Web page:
Postgraduate students research a broad range of topics across the School disciplines.
Stories of Migration: Language Variation and Change in the Indian Diaspora of Australia
India is responsible for the second largest group of English speakers in the world (Parshad et. al) and, with over 16 million persons of Indian origin residing outside India, the Indian diaspora is the world’s largest and features prominently in Inner Circle (Kachru, 1985) countries such as the UK (Sharma, 2014) and Australia (Australian Bureau of Statistics, 2014). Sharma’s (2011; 2014) research on the Punjabi community in London and Mesthrie’s (2013; inter alia) studies of South African Indian English have drawn significant attention to documenting variation and change in the Indian diaspora. However, its Australian counterpart remains untapped and we have yet to explore the dynamics of language variation and change in Australia's fastest growing migrant community. Furthermore, the bulk of previous studies of English in the diaspora or, of English in the Indian subcontinent have largely focused on phonological or morphosyntactic variables that offer little or no account of discourse-pragmatic variation.
My PhD dissertation aims to fill this gap, by offering the first systematic, cross-generational account of discourse-pragmatic variation and change in English of the Indian diaspora in Australia - a richly multilingual community with strong transnational ties to the Indian subcontinent.
Using a Variationist Sociolinguistic framework, my research will explore quantitative patterns in language variation and their interaction with ethnic identity, which is central to the migrant experience. This will be complemented by qualitative analyses to explore underlying motivations for the observed patterns. Most importantly, given that migrants' lived experiences are often situated between the 'home' and 'host' countries, my research translates this to sociolinguistics by considering language variation and change in the context of the 'home' (Indian subcontinental) variety of English and the 'host' ('mainstream' Anglo-Celtic Australian) variety of English.
Australian Bureau of Statistics (2014). Where do migrants live? Australian social trends, 2014. Australian Bureau of Statistics
Kachru, Braj B. (1985). Standards, codification and sociolinguistic realism: the English language in the outer circle. In Quirk, R. & Widdowson, H. G. (Eds.), English in the world: teaching and learning the language and literatures. Cambridge: Cambridge University Press. 11-30.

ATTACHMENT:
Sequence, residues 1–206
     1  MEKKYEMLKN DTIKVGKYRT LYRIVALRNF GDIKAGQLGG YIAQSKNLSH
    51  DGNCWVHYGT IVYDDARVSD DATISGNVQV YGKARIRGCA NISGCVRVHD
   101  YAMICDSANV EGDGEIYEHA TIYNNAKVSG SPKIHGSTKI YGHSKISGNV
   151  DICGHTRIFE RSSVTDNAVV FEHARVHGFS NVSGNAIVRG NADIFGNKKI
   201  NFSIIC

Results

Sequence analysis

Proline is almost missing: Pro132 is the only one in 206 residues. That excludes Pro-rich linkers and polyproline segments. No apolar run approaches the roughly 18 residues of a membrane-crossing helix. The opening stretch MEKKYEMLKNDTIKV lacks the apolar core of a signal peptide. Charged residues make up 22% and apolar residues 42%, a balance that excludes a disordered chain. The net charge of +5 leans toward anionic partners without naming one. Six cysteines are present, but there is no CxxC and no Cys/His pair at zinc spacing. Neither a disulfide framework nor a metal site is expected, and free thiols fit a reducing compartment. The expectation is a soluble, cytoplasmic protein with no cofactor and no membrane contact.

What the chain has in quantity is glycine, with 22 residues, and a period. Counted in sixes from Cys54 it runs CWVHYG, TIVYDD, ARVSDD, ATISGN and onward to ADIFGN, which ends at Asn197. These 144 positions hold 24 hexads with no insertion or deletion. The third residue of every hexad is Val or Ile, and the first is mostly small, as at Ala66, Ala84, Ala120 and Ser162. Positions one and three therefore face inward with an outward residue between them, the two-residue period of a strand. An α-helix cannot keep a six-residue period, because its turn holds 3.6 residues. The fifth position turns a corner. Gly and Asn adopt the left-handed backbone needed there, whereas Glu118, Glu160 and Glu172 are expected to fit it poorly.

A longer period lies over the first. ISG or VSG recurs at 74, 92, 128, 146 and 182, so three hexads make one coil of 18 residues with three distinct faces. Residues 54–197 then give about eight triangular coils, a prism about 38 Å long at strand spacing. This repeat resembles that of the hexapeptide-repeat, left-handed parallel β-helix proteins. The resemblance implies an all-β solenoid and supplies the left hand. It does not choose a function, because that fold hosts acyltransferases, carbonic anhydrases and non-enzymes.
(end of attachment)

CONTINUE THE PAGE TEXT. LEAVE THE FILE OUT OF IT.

Mesthrie, Rajend. (2013). Transfer and contact in migrant and multiethnic communities: the conversational historical be + -ing present in South African Indian English. In Schreier, D. & Hundt, M. (Eds.), English as a contact language Cambridge: Cambridge University Press 242-257.
Parshad, Rana, Bhowmick, Suman, Chand, Vineeta, Kumari, Nitu & Sinha, Neha. (2016). What is India speaking? Exploring the ‘‘Hinglish’’ invasion. Physica A 449(2016): 375-389.
Sharma, Devyani. (2011). Style repertoire and social change in British Asian English. Journal of Sociolinguistics 15(4): 464-492.
Sharma, Devyani. (2014). Transnational flows, language variation and ideology. In Hundt, M. & Sharma, D. (Eds.), English in the Indian Diaspora. Amsterdam/Philadelphia: John Benjamins Publishing Company. 215-242.
In addition to making a significant scholarly contribution, my research also aims to increase awareness and understanding of cross-cultural differences in communication. In doing so, the findings from my research can potentially be applied to a variety of contexts such as classrooms or work environments, to facilitate more effective communication while also building mutual respect and understanding of individuals from a diverse range of backgrounds.